Under the Canadian Charter of Right and Freedoms, section 11(h) says that a person who has served a sentence for an offence shall not be tried again, or a person finally acquitted shall not be tried again.  The key is ‘‘finally’‘, as in the parties don’t intend to appeal further

The 5th amendment of the U.S. Constitution says that a person shall not be put in jeopardy twice for the same offence.

The only real difference is that acquittals at trial in Canada may be appealed under very limited circumstances, such as wrong instructions at trial.  It CANNOT be a redo, but there must be a very serious legal error to redress.  Canadian prosecutors have a very high burden to meet.  Under U.S. law, a trial acquittal is the end, barring killing a witness or bribing a judge.

This does not apply to appeal courts.  In both Canada and the U.S. appellate court rulings may be appealed further.  Had Hellmann been a U.S./Canadian appeal judge, it would not be double jeopardy to challenge his ruling.

Canadian Charter v. U.S. Constitution

Italy goes out of its way to give defendants, but here is a quick comparison with the Western Hemisphere.  Sadly, as victim’s rights groups point out, criminals seem to have more rights than their victims.

The Canadian Charter, sections 7 to 14, and the U.S. Constitution, 4th, 5th, 6th, 8th and 14th amendments guarantee many of the same rights to criminal defendants

Canada: illegal searches would violate section 8 of the Charter of Rights and Freedoms. 
America: illegal searches would violate the 4th Amendment of the Constitution

Canada: one has the right to instruct counsel without delay, and be informed of the right under Section 10(b)
America: one has the right to a lawyer under the 6 Amendment.

Canada: cruel and unusual punishment is prohibited under Section 12
America: cruel and unusual punishment is prohibited under the 14th Amendment.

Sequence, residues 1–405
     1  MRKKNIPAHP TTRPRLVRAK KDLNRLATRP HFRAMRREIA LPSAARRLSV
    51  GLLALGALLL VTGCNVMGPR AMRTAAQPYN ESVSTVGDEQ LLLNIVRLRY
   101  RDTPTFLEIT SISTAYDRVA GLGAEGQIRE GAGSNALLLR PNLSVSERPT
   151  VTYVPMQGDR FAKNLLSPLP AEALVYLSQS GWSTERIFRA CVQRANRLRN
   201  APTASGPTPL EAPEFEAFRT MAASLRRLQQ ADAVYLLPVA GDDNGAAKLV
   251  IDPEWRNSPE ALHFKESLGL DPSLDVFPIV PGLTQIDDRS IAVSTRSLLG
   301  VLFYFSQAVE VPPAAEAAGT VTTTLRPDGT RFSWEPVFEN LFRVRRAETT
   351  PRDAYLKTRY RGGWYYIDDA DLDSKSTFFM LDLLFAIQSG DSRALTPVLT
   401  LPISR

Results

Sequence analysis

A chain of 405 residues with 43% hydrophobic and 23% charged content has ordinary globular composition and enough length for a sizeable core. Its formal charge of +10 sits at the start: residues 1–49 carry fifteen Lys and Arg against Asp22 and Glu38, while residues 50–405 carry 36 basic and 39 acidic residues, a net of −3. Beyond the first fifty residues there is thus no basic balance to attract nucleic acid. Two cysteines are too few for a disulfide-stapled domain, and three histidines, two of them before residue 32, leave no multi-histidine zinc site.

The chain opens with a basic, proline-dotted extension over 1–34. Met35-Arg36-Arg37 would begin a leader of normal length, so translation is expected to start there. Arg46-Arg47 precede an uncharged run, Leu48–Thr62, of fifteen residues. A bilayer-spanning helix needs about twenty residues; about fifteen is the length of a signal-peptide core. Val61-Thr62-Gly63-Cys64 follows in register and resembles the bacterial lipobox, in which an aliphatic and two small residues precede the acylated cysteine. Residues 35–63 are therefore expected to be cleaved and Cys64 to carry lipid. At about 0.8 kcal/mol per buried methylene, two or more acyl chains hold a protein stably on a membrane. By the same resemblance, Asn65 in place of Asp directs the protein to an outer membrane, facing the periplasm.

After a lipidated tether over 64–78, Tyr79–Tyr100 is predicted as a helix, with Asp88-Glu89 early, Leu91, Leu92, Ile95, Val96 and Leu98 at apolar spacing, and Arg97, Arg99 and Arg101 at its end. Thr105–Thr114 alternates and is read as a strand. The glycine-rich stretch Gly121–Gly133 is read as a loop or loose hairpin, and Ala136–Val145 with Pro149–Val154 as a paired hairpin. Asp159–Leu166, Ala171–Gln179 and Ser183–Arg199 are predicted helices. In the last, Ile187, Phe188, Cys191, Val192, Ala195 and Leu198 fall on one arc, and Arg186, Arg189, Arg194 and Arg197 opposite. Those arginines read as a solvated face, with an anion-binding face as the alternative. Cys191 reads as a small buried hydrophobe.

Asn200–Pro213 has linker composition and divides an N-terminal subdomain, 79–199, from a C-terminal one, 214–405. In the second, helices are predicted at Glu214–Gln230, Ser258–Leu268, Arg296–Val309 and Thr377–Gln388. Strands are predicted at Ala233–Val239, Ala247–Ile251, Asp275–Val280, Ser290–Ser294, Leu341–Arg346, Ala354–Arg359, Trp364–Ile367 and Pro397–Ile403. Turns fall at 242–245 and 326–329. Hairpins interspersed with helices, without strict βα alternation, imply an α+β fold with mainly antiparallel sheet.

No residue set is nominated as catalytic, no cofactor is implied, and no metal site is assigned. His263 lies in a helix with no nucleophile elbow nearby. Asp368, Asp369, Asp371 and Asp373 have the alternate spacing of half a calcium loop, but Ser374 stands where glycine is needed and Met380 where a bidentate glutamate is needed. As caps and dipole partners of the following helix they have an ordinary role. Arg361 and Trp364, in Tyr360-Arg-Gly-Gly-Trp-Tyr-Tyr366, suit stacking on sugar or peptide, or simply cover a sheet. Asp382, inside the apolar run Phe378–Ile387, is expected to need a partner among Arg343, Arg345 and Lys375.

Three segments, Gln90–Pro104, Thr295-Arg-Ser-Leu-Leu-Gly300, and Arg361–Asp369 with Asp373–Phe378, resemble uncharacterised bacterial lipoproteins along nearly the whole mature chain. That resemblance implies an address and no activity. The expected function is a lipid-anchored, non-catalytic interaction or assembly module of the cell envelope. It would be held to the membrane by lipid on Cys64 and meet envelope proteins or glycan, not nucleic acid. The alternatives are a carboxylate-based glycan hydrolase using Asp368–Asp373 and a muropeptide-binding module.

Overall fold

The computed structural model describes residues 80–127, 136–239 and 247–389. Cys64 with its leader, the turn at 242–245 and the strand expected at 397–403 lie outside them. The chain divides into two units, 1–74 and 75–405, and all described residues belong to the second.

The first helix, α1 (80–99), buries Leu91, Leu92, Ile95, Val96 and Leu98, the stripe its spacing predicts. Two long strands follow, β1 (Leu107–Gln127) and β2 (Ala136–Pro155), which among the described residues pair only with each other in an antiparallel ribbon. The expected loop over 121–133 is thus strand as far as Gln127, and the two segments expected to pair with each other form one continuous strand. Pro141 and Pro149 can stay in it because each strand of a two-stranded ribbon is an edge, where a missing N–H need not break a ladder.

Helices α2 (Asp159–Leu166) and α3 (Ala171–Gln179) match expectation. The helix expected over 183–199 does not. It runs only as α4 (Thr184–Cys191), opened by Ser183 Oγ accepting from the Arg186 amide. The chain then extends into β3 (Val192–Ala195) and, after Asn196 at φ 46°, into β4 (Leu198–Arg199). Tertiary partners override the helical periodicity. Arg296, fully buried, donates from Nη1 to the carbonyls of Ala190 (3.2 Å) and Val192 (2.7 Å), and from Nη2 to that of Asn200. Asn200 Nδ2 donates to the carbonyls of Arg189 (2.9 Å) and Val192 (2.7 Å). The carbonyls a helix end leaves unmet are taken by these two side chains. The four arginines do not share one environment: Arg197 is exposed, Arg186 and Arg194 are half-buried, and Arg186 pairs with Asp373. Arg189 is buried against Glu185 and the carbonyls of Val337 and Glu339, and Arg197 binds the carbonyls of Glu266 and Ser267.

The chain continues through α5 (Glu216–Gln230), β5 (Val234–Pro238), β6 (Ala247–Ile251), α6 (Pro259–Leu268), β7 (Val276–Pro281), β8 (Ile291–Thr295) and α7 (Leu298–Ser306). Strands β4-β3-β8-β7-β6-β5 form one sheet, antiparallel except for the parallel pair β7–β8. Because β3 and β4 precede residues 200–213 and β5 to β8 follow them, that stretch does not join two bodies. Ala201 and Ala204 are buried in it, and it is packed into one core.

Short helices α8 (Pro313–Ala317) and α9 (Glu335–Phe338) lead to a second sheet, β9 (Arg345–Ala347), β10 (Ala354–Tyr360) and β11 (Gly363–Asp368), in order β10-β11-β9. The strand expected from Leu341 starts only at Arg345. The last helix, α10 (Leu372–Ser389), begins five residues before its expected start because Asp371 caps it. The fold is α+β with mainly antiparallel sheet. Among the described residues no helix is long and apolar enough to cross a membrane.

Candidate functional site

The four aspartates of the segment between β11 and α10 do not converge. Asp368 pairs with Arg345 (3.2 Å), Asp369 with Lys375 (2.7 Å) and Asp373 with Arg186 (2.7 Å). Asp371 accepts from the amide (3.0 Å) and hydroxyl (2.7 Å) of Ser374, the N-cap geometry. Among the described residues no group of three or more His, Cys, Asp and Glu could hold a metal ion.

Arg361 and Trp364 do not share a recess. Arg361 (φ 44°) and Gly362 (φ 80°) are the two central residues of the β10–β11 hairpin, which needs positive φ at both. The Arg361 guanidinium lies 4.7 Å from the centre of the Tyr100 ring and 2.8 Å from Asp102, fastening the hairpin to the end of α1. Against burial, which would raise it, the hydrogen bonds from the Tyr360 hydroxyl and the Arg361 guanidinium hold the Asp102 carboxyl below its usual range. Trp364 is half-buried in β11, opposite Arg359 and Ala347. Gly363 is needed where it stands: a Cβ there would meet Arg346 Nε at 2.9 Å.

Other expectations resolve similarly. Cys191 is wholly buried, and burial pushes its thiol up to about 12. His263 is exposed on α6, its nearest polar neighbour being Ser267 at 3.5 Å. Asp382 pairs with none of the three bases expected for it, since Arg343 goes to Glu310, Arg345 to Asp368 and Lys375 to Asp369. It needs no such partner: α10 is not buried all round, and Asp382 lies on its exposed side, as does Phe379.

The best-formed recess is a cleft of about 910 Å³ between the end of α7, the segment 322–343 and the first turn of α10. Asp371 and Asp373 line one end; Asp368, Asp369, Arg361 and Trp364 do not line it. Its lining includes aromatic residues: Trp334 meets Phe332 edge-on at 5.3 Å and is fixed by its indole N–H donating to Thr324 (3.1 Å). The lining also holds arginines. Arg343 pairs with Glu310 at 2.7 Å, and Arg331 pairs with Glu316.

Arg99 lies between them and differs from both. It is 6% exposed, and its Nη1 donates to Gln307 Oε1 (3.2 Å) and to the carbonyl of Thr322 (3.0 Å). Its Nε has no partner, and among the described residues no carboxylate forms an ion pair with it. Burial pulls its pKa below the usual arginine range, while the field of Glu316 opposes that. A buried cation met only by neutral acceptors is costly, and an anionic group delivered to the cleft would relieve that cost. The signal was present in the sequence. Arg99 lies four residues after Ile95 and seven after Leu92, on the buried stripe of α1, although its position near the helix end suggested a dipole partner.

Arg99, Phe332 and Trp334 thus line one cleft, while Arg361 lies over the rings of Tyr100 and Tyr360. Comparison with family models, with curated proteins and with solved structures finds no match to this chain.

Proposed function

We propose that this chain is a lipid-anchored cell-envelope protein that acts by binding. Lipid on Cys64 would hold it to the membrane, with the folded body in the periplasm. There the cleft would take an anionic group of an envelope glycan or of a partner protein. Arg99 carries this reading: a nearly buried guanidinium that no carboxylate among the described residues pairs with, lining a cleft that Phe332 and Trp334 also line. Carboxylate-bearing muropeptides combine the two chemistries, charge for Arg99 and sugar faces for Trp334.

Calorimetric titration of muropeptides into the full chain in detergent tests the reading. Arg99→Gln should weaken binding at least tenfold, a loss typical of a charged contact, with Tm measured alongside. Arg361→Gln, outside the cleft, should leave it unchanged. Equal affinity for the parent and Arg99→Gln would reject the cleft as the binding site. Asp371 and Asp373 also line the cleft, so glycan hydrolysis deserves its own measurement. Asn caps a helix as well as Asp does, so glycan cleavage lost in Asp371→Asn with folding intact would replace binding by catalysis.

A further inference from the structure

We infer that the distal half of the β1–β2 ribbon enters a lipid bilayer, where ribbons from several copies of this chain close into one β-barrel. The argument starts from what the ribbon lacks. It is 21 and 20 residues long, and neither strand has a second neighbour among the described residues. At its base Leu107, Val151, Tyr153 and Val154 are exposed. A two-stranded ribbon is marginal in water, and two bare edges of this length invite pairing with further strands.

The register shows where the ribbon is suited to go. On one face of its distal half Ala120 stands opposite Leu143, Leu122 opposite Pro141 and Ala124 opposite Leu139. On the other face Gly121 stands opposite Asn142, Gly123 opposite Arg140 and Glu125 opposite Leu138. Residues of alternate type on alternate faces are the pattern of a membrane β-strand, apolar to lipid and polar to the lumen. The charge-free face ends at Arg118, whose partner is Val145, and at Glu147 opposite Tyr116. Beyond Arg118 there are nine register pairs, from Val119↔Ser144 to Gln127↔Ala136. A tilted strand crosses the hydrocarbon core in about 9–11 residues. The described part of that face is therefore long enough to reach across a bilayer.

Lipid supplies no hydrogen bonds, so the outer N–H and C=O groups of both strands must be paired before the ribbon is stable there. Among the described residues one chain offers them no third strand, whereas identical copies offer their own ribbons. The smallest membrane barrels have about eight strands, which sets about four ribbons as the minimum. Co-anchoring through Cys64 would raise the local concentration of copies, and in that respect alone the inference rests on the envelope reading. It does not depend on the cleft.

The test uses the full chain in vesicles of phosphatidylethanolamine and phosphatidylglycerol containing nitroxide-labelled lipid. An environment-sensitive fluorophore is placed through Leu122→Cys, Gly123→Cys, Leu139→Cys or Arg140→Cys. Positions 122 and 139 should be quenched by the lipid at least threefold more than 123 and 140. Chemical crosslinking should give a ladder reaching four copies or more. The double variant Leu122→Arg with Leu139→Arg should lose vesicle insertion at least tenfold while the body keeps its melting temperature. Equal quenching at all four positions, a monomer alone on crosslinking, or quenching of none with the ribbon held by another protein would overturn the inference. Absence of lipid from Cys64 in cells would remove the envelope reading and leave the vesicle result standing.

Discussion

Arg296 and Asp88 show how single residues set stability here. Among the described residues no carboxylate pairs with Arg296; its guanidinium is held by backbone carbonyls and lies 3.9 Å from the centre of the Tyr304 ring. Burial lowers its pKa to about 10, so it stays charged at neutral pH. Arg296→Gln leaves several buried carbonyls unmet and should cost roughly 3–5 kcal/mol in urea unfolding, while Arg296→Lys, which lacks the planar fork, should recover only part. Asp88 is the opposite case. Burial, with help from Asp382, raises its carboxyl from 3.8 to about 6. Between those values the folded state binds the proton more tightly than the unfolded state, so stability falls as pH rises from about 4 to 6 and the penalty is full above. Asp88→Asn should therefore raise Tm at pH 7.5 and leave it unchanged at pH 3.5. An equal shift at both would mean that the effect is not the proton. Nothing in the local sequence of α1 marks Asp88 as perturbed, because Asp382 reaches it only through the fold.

Canada: one can’t be forced to be a witness against themselves under Section 11(c)
America: one can’t be forced to be a witness against themselves under the 5th Amendment (taking the 5th)

Canada: retrying for the same offence violates Section 11(h)
America: retrying for the same offence violates the 5th Amendment.

Canada: demanding unreasonable bail violates Section 11(e)
America: demanding unreasonable bail violates the 8th Amendment.

Notes:
-The police obtained warrants before getting internet records, phone records, etc ...
-AK’s first 2 statements were inadmissible because she had no lawyer (even though she refused one).
-AK/RS complain about ‘‘hellish’’ conditions now, but not when the U.S. State Department checked in.
-AK only testified regarding the ‘‘calunnia’‘, but AK/RS used their ‘‘right to not respond’‘.
-AK/RS claim their ‘‘acquittals’’ should be the end, but 11(h)/5th doesn’t apply to appeals court that get further appealed
-AK/RS got multiple attempts to apply for bail

Notorious Killers In Canada

1. Paul Bernardo and Karla Homolka

Scarborough, Ontario—This case still leaves a bad taste for Canadians.  The couple murdered 3 teens, Kristen French and Leslie Mahaffy, as well as Karla’s younger sister, Tammy.  Bernardo was already a prolific rapist before meeting Homolka, but no one died until they got together.